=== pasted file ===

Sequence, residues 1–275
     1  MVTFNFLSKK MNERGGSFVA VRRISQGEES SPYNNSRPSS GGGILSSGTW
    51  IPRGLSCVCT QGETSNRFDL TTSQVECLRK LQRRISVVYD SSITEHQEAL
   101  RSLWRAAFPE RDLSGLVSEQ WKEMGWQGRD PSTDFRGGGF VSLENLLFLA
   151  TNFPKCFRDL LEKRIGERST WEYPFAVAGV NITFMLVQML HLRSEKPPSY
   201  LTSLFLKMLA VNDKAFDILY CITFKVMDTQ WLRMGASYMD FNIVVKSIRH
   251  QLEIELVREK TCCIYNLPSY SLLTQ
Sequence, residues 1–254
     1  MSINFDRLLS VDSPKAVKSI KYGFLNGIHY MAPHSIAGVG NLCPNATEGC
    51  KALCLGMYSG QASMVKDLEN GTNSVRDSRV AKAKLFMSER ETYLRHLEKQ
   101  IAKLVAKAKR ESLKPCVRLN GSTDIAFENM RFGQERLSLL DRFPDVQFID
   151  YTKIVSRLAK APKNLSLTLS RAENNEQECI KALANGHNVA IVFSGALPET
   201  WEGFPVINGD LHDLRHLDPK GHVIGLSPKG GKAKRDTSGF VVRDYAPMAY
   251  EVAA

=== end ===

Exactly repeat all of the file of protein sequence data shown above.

Sequence, residues 1–275
     1  MVTFNFLSKK MNERGGSFVA VRRISQGEES SPYNNSRPSS GGGILSSGTW
    51  IPRGLSCVCT QGETSNRFDL TTSQVECLRK LQRRISVVYD SSITEHQEAL
   101  RSLWRAAFPE RDLSGLVSEQ WKEMGWQGRD PSTDFRGGGF VSLENLLFLA
   151  TNFPKCFRDL LEKRIGERST WEYPFAVAGV NITFMLVQML HLRSEKPPSY
   201  LTSLFLKMLA VNDKAFDILY CITFKVMDTQ WLRMGASYMD FNIVVKSIRH
   251  QLEIELVREK TCCIYNLPSY SLLTQ
Sequence, residues 1–254
     1  MSINFDRLLS VDSPKAVKSI KYGFLNGIHY MAPHSIAGVG NLCPNATEGC
    51  KALCLGMYSG QASMVKDLEN GTNSVRDSRV AKAKLFMSER ETYLRHLEKQ
   101  IAKLVAKAKR ESLKPCVRLN GSTDIAFENM RFGQERLSLL DRFPDVQFID
   151  YTKIVSRLAK APKNLSLTLS RAENNEQECI KALANGHNVA IVFSGALPET
   201  WEGFPVINGD LHDLRHLDPK GHVIGLSPKG GKAKRDTSGF VVRDYAPMAY
   251  EVAA